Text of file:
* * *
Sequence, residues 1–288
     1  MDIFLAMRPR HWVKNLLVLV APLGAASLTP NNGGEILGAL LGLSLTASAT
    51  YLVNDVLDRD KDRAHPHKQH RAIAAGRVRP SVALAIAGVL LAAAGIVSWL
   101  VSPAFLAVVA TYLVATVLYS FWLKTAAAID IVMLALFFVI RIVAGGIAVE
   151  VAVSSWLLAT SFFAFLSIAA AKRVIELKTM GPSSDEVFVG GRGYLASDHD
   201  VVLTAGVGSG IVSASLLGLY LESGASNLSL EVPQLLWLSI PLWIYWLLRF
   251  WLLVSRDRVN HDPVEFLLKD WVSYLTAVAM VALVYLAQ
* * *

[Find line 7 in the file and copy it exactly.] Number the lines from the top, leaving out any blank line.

   251  WLLVSRDRVN HDPVEFLLKD WVSYLTAVAM VALVYLAQ